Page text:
April 9, 2001
The world's largest market for computer software should soon belong overwhelmingly to free software. That looks like a remarkable statement, I suppose, but it's actually an easy prediction.
So of which market am I speaking? Governments. Government offices and public agencies are the largest single coordinated buyers of software in the world. But in the future they will stop buying most of their software altogether.
That will save the governments billions of dollars. It will also enormously improve the quality of free software around the world, and consolidate the complete replacement of proprietary software by software that everyone contributes to and no one can own. As those of us concerned with the strategy of the free software movement know, this is one of the most important moments in its history. Others, who don't wish the movement well, can see that too.
Governments now face essentially the same software landscape as private industry, but they will make different decisions in it. The server market is no longer owned by Microsoft; GNU/Linux is doing a superior job at almost all tasks servers perform. The desktop is becoming competitive terrain at last, as all technically-sophisticated science and engineering users can make full use of free software systems, and Gnome, Gnumeric, Star Office and other basic desktop productivity and office-suite products create a free software desktop environment that the typical Windows user can understand and shift to ever more easily. As desktop convergence continues, this enormous part of the government software market will move to free software substantially faster than private industry.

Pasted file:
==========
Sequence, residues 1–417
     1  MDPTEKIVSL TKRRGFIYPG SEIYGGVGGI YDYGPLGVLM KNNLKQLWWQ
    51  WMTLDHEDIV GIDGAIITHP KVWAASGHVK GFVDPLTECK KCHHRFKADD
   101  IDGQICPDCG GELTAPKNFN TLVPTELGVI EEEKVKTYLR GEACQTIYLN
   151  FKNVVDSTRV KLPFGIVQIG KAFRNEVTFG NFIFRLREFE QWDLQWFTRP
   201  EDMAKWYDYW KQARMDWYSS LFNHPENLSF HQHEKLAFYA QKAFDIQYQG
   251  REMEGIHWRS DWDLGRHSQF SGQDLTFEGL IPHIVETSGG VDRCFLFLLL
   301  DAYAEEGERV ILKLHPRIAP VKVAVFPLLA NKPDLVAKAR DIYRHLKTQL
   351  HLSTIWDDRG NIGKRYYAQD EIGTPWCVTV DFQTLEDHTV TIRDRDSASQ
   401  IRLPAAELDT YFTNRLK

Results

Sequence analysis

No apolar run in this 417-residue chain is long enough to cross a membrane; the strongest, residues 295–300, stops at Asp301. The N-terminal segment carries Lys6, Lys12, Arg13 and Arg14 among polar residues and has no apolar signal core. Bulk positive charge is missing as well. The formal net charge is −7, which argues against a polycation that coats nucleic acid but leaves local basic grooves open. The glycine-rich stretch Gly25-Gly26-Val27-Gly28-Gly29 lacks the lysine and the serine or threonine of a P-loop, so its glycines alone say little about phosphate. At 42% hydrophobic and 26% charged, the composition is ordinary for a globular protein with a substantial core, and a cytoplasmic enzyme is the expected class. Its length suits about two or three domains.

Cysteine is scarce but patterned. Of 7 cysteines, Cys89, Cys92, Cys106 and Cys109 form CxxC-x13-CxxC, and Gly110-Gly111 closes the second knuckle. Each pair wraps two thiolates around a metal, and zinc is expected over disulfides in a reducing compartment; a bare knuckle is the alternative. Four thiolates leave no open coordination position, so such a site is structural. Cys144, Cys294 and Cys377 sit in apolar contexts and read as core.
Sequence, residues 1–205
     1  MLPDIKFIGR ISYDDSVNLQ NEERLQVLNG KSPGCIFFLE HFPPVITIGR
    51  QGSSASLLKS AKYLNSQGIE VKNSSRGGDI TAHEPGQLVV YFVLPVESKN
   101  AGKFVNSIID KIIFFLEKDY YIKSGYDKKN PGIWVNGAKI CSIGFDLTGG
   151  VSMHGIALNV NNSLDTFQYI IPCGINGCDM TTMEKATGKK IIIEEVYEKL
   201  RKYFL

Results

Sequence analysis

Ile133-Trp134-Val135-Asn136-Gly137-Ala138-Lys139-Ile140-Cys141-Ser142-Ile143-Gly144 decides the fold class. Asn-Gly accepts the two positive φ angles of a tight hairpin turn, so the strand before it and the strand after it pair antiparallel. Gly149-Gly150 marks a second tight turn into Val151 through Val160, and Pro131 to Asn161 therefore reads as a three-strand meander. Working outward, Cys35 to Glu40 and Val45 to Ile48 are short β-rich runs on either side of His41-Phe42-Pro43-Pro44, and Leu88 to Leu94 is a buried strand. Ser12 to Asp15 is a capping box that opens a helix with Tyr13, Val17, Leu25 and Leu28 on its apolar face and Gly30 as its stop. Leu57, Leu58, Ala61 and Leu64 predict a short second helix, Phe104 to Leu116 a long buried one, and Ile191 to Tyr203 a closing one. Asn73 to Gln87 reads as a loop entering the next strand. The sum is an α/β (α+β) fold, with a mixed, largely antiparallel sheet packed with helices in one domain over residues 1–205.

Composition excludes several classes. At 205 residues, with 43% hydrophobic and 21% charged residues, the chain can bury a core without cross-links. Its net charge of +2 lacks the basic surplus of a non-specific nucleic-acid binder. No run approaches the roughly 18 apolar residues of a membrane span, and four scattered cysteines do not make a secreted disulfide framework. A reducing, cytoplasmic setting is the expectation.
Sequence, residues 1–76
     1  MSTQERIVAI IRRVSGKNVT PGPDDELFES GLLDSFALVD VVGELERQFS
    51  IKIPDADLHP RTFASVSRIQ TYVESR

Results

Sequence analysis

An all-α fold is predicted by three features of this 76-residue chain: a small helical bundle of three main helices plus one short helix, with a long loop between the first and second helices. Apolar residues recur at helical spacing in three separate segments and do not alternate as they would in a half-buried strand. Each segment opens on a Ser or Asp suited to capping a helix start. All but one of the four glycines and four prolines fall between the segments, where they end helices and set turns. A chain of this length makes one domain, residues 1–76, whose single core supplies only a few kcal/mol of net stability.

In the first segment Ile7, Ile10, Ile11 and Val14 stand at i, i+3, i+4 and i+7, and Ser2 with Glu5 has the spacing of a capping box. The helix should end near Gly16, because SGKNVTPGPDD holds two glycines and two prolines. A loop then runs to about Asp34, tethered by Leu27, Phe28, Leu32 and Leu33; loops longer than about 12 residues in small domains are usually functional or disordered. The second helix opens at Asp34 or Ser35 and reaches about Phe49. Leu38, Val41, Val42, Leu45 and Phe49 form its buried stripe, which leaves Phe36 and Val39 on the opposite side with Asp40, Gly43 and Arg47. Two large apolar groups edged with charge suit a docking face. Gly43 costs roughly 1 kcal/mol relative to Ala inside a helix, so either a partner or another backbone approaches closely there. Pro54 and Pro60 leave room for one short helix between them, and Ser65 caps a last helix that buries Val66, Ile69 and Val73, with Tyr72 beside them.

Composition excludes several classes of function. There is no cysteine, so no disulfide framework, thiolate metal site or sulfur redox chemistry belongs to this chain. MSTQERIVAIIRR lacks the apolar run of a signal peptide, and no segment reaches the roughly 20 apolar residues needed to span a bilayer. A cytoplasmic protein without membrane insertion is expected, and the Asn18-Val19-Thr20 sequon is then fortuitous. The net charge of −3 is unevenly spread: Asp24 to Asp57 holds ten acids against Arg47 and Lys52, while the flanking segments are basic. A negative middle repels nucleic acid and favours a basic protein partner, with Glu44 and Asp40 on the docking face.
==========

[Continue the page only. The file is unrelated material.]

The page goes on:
Governments will switch to free software because they are under pressure to be fiscally responsible. In much of the developed world, government contracts are supposed to be let on the basis of competitive bidding. Firms that employ free software have an advantage in the provision of systems. Computers that can be bought without software cost, having a government-standard free software system factory-installed, will be far more attractive to government purchasing authorities than the OEM-supplied Windows system, with its substantial inbuilt Microsoft premium, is now. Use of free software by government will be no more remarkable than the purchase of cheaper generic drugs by national health systems. So governments will move to buying their PCs with free software, and will find themselves choosing to use free software wherever they can, by awarding bids to those whose software costs are low, so as to allocate their budgetary resources to real activities, rather than to the enrichment of Microsoft shareholders.
The use of free software also means that governments will be able to reuse the improvements that they make in software. As governments shift to using GPL'd software and releasing their modifications into general circulation, the number of workers improving free software will substantially increase. This will result in further improvements of quality and feature, as public servants all over the world return their product, as they should, to the people.